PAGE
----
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Honduras and nigeria
 

Honduras and nigeria

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    Honduras and nigeria Honduras and nigeria Presentation Transcript

    • HONDURAS AND NIGERIA
    • Federal Republic of Nigeria  Federal constitutional Republic  Thirty-six states  Federal CapitalTerritory,Abuja.  The country is located in West Africa and shares land borders with the Republic of Benin in the west, Chad and Cameroon in the east, and Niger in the north.  Official language: English
    • República de Honduras  Central constitutional Republic  Eighteen departmentos  Capital,Tegucigalpa (and largest city)  The country is bordered to the west by Guatemala, to the southwest by El Salvador, to the southeast by Nicaragua, to the south by the Pacific Ocean at the Gulf of Fonseca, and to the north by the Gulf of Honduras, a large inlet of the Caribbean Sea.  Official language: Spanish
    • Nigeria
    • Honduras
    • Nigerian Politics  Ethnocentrism, tribalism, religious persecution, and prebendalism have played a visible role in Nigerian politics both prior and subsequent to independence in 1960.  Nigeria is a Federal Republic modeled after the United States, with executive power exercised by the president and with overtones of the Westminster System model in the composition and management of the upper and lower houses of the bicameral legislature.The current president of Nigeria is Goodluck Jonathan, who succeeded to the office in 2010.The president presides as both Head of State and head of the national executive and is elected by popular vote to a maximum of two four-year terms.
    • Nigeria  Law  There are four distinct systems of law in Nigeria:  English law which is derived from its colonial past with Britain;  Common law, a development of its post colonial independence;  Customary law which is derived from indigenous traditional norms and practice, including the dispute resolution meetings of pre-colonialYorubaland secret societies and the Èkpè and Okónkò of Igboland and Ibibioland;  Sharia law, used only in the predominantly Muslim north of the country. It is an Islamic legal system which had been used long before the colonial administration in Nigeria but recently politicised and spearheaded in Zamfara in late 1999 and eleven other states followed suit.These states are Kano, Katsina, Niger, Bauchi, Borno, Kaduna, Gombe, Sokoto Jigawa,Yobe, and Kebbi.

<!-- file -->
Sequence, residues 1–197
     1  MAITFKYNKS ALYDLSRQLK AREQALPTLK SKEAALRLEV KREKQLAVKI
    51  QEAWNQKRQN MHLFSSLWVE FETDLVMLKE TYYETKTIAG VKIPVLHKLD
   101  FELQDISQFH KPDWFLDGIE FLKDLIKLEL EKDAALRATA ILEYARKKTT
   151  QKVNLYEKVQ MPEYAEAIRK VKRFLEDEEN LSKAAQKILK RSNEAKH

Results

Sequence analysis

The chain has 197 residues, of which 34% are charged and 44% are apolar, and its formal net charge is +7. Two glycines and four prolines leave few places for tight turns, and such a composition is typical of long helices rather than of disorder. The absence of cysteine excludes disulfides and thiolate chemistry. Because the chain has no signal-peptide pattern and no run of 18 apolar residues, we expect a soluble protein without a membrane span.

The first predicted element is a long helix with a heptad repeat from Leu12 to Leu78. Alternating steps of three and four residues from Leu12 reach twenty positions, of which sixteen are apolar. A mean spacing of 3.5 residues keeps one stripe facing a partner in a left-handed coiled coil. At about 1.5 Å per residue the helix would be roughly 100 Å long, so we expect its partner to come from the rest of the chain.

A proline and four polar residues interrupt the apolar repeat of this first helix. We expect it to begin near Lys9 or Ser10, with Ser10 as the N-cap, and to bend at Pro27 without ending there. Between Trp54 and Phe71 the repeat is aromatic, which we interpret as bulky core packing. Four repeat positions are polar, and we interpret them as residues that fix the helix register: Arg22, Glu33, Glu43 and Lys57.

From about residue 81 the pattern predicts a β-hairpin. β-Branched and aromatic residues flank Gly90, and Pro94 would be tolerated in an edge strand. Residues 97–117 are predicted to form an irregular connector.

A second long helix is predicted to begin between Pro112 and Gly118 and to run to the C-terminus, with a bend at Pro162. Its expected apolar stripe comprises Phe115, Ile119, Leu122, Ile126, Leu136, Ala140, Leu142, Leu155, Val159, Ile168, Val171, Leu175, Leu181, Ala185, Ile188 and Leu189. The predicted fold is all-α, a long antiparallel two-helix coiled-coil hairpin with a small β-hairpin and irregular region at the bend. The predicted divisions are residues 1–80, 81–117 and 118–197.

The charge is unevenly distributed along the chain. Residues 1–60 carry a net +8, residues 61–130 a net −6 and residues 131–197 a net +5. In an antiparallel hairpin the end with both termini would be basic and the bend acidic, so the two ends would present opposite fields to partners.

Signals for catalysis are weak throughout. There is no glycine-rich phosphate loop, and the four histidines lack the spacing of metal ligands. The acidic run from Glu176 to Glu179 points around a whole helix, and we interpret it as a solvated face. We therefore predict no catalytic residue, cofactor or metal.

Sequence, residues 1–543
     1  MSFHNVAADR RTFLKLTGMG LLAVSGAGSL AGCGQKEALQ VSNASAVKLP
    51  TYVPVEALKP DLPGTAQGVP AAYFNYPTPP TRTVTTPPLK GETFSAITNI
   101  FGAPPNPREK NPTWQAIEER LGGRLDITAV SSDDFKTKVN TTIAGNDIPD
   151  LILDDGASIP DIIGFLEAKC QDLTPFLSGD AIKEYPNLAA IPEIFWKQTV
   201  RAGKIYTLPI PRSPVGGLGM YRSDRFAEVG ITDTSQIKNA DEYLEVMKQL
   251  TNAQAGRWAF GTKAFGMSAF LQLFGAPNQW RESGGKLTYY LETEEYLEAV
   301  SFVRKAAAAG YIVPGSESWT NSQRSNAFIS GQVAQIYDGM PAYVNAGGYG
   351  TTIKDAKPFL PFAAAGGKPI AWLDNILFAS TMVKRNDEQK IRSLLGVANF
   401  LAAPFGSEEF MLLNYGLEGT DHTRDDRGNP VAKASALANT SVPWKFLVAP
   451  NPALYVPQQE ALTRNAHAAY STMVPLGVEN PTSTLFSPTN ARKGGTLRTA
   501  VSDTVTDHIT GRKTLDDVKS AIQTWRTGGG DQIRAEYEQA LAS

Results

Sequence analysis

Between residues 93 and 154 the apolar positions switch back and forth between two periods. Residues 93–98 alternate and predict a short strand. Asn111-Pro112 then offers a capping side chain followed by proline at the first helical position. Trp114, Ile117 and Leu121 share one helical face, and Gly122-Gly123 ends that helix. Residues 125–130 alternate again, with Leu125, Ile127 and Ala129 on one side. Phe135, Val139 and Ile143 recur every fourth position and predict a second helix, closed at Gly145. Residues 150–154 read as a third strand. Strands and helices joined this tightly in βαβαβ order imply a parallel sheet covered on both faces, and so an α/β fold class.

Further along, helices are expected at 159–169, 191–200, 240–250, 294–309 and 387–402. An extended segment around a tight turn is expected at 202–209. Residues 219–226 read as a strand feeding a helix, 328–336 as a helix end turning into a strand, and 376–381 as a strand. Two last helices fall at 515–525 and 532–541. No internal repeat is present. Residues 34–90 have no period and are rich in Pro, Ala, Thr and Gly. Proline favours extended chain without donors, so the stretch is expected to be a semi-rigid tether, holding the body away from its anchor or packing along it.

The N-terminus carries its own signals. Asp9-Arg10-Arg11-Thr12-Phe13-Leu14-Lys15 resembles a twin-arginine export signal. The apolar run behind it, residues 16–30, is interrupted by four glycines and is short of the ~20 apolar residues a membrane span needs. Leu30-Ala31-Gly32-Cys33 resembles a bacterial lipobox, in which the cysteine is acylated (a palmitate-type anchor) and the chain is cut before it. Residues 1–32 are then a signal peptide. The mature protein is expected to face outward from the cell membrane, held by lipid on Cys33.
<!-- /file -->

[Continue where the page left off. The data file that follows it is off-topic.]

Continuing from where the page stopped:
• Honduran Politics  In the last elections,Honduras had nine registered political parties: National Party (Partido Nacional de Honduras: PNH); Liberal Party (Partido Liberal de Honduras: PLH); Social Democrats (Partido Innovación y Unidad-Social Demócrata: PINU-SD), Social Christians (Partido Demócrata-Cristiano de Honduras: DCH); and Democratic Unification (Partido Unificación Democrática, PAC, Libre, etc. UD). PNH and PLH have ruled the country for decades.  Government ministries are often incapable of carrying out their mandate due to budgetary constraints.
    • Honduran 2009 crisis  The 2009 Honduran constitutional crisis is an ongoing constitutional crisis. President Manuel Zelaya had attempted to hold a "non-binding referendum" on the 28th of June on the desire of Hondurans to have a fourth ballot box in the upcoming November elections, which would then ask if the Honduran people wished to form a ConstitutionalAssembly in the term of the newly elected president.The Supreme Court upheld a lower court ruling that had found a prior referendum based on the same issue unconstitutional and had prohibited it.The Supreme Court had not made any determination of the final, referendum, having instead made the legal claim that any attempt by Zelaya to poll on any matter, in any way, to be.
    • Nigerian Economy  Nigeria is classified as an emerging market, and is rapidly approaching middle income status, with its abundant supply of resources, well-developed financial, legal, communications, transport sectors and stock exchange (the Nigerian Stock Exchange), which is the second largest in Africa.  During the oil boom of the 1970s, Nigeria accumulated a significant foreign debt to finance major infrastructural investments.With the fall of oil prices during the 1980s oil glut Nigeria struggled to keep up with its loan payments and eventually defaulted on its principal debt repayments, limiting repayment to the interest portion of the loans.